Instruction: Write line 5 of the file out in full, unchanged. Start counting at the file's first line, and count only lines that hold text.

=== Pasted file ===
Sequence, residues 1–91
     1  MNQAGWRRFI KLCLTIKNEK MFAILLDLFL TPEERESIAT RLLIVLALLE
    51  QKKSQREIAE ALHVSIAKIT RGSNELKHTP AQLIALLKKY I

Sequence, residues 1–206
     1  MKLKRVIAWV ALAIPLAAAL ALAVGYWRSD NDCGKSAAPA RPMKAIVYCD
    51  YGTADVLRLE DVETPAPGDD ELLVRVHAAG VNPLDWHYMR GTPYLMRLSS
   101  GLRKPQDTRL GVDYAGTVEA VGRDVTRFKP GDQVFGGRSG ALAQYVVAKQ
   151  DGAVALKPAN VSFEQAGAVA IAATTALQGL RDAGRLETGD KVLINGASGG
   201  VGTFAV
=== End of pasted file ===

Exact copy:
     1  MKLKRVIAWV ALAIPLAAAL ALAVGYWRSD NDCGKSAAPA RPMKAIVYCD